Cell phone melds video and data

By Eric Smalley, Technology Research News

Augmented reality systems combine digital information with real-world objects, often by projecting computer displays onto walls, desk tops or windshields.

A second form of augmented reality melds digital information and real-time video to provide see-through displays that show virtual models or annotations overlaid on real-world scenes. Several teams of researchers have developed such see-through augmented reality systems for laptop computers, head-mounted displays and handheld computers.

Researchers at Bauhaus University in Germany are attempting to bring the technology to the mass market with a video see-through augmented reality system for commercial cell phones. The cell phone system inserts computer-generated three-dimensional models into real-time video shown on the cell phone's display and aligns the models with physical markers in the camera's field of view.

Cell phones are increasingly equipped with cameras and their computational capabilities are improving, said Mathias Moehring, a researcher at Bauhaus University. "Cell phones have the potential to bring augmented reality to a mass market," he said. "This project represents a first evaluation of this potential."

The system could be used to provide, for instance, museum or city guides, said Moehring. "Markers encoding IDs could be captured by the tourist's cell phone," he said. The application would then determine which exhibit the person is looking at and present related information on the cell phone display.

The augmented reality method uses a coordinate system to align three-dimensional graphics within the two-dimensional video display on the cell phone. The researchers used a previously developed algorithm that anchors a three-dimensional model, typically a graphic depicting an object, to a physical three-dimensional marker captured in the video stream. The marker in the researchers' prototype consists of three paper strips of different colors joined at one end to form the corner of a cube.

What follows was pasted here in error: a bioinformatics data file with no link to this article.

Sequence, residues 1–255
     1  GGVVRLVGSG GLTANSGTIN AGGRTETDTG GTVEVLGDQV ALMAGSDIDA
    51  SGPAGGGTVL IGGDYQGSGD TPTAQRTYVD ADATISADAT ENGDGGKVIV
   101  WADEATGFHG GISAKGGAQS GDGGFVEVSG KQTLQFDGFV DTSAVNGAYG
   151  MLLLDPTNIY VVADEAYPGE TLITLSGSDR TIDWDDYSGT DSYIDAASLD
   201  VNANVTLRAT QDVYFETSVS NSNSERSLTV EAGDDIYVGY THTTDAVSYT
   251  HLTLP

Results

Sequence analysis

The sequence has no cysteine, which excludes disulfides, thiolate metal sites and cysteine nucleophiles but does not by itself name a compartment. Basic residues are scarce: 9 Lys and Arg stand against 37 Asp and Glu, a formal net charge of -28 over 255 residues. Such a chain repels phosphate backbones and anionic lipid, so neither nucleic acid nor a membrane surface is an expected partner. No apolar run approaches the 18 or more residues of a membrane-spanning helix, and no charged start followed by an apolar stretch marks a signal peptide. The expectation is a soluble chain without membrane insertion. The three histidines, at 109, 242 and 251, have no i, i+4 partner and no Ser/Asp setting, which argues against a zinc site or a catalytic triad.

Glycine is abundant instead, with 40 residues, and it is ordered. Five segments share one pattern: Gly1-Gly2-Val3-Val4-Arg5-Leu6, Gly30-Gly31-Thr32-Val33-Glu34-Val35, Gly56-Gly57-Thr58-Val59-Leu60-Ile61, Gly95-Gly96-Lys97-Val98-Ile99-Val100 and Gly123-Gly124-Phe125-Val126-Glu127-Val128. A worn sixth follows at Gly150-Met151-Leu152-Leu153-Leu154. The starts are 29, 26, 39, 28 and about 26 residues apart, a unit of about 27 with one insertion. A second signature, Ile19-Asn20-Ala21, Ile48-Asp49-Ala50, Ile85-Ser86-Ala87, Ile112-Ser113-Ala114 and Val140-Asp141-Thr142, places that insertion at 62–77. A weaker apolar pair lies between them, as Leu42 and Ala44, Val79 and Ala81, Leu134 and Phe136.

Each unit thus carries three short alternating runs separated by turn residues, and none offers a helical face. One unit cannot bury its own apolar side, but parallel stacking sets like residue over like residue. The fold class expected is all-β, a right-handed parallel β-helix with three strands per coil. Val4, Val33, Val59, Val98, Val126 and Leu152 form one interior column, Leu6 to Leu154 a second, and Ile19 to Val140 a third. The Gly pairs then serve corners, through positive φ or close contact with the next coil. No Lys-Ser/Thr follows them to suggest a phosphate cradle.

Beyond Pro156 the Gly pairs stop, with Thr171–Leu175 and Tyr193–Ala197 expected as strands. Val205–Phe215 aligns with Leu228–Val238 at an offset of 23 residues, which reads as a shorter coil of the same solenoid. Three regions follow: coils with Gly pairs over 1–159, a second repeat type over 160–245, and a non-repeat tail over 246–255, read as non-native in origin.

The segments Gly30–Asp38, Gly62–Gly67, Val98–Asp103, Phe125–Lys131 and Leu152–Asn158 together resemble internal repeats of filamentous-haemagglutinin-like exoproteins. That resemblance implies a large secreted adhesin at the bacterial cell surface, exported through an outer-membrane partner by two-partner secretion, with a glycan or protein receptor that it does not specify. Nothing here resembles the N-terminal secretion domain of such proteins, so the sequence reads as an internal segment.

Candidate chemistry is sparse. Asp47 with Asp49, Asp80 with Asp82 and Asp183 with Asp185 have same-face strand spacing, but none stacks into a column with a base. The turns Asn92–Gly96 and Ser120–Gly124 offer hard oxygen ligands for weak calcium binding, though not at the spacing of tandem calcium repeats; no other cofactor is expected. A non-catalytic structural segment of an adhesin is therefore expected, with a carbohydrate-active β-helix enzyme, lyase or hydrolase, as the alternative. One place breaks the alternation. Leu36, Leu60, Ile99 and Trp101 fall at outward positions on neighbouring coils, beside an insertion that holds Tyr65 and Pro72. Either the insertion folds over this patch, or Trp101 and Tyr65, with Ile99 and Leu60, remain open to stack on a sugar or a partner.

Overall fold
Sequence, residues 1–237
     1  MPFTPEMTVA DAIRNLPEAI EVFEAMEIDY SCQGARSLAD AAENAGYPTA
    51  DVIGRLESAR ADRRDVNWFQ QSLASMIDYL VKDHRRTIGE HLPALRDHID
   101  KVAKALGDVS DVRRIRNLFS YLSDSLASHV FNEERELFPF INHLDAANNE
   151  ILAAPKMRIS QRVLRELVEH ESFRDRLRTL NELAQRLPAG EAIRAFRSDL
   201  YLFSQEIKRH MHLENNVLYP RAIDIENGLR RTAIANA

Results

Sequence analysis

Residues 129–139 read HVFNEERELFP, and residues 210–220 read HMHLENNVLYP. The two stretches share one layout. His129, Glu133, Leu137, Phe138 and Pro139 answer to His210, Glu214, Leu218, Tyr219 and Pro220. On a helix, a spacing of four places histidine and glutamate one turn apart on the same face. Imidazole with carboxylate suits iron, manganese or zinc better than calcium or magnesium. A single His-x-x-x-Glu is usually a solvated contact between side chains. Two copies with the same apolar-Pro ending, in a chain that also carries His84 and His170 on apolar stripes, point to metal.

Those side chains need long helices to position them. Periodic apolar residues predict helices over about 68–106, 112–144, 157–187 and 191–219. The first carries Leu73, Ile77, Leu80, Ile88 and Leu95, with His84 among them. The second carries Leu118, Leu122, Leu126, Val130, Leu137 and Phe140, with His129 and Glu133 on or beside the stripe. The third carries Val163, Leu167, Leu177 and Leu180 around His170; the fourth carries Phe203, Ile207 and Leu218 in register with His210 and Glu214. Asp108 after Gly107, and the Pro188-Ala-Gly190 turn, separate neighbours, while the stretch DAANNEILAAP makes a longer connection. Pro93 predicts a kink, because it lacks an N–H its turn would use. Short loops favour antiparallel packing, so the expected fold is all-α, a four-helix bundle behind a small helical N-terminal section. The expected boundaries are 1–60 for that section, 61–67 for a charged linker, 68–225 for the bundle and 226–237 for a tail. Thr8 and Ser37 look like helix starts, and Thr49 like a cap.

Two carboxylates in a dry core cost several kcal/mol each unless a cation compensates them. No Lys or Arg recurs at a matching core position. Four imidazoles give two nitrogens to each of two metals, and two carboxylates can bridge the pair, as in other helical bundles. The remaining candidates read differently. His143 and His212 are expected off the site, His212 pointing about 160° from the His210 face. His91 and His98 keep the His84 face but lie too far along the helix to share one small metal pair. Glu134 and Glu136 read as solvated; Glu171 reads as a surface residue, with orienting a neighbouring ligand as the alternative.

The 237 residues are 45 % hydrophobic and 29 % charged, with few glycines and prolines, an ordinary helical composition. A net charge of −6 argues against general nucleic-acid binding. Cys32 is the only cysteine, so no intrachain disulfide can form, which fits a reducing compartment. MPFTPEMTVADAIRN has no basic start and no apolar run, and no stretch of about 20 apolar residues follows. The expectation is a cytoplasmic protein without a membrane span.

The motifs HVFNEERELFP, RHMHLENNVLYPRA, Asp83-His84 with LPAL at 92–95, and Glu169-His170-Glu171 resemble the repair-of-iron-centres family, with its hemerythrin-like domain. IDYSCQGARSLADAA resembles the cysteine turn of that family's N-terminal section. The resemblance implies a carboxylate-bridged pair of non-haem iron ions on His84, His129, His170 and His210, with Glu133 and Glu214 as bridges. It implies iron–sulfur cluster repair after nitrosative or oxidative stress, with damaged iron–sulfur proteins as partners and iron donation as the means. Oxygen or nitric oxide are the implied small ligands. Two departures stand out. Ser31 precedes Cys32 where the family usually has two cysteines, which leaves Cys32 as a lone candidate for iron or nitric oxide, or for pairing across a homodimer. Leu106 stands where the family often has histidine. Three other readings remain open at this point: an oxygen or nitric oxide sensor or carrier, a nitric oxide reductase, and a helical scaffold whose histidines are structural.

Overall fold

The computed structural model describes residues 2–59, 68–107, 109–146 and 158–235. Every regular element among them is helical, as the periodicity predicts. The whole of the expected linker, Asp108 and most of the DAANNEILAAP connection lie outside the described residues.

As the user moves her cell phone, the model rotates in relation to the changing angle between the cell phone and the marker. The system updates the model's position at 4 to 6 frames per second, or about one-sixth the speed of full-motion video, said Moehring.

The marker contains colored dots that form a code that tells the system which computer-generated model to display. The spatial distribution of the dots allows for a large number of codes, according to Moehring.

In order to be simple enough to work on commercial cell phones, the system ignores specific colors and grayscale values and only scans for increases in color intensity, which show up as increases in the video red-green-blue (RGB) channels, according to Moehring. The system also conserves compute power by first scanning for the marker in the same position in the video stream where it was found in the previous frame, under the assumption that the user is not likely to move the camera very quickly, he said.

Cell phones need to improve to make the system practical, Moehring said. "The cameras attached to cell phones have very low resolution and image quality, making optical tracking difficult, [and] cellphones have strict hardware limitations, most notably their speed and memory capabilities."

Other researchers at Bauhaus University are working on allowing the system to track three-dimensional space without markers, said Moehring.

Cell phone augmented reality systems could be practical in the next couple of years, said Moehring.

Moehring's research colleagues were Christian Lessig and Oliver Bimber. They presented the research at the Association of Computing Machinery (ACM) Siggraph 2004 conference in Los Angeles, August 8 to 12. The research was funded by the university.

Timeline:   2 years
Funding:   University
TRN Categories:  Data Representation and Simulation; Human-Computer Interaction; Computer Vision and Image Processing
Story Type:   News
Related Elements:  Technical paper, "Video See-Through and Optical Tracking with Consumer Cell Phones," presented at the Association of Computing Machinery (ACM) Special Interest Group Graphics (Siggraph) 2004 conference, Los Angeles, August 8-12.


August 11/18, 2004

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